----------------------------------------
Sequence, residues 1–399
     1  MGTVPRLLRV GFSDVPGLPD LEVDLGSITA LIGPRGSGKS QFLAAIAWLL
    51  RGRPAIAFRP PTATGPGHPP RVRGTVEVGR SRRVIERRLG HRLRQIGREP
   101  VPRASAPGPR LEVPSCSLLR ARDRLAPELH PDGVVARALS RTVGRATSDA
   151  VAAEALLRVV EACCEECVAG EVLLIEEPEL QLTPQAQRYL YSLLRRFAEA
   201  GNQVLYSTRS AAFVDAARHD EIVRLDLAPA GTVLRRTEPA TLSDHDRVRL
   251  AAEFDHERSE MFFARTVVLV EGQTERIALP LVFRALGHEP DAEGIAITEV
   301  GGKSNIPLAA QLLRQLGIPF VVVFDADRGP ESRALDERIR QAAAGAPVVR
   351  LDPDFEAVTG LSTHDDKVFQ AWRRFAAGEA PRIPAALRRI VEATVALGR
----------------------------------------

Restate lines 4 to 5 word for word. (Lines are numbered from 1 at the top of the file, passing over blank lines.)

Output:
   101  VPRASAPGPR LEVPSCSLLR ARDRLAPELH PDGVVARALS RTVGRATSDA
   151  VAAEALLRVV EACCEECVAG EVLLIEEPEL QLTPQAQRYL YSLLRRFAEA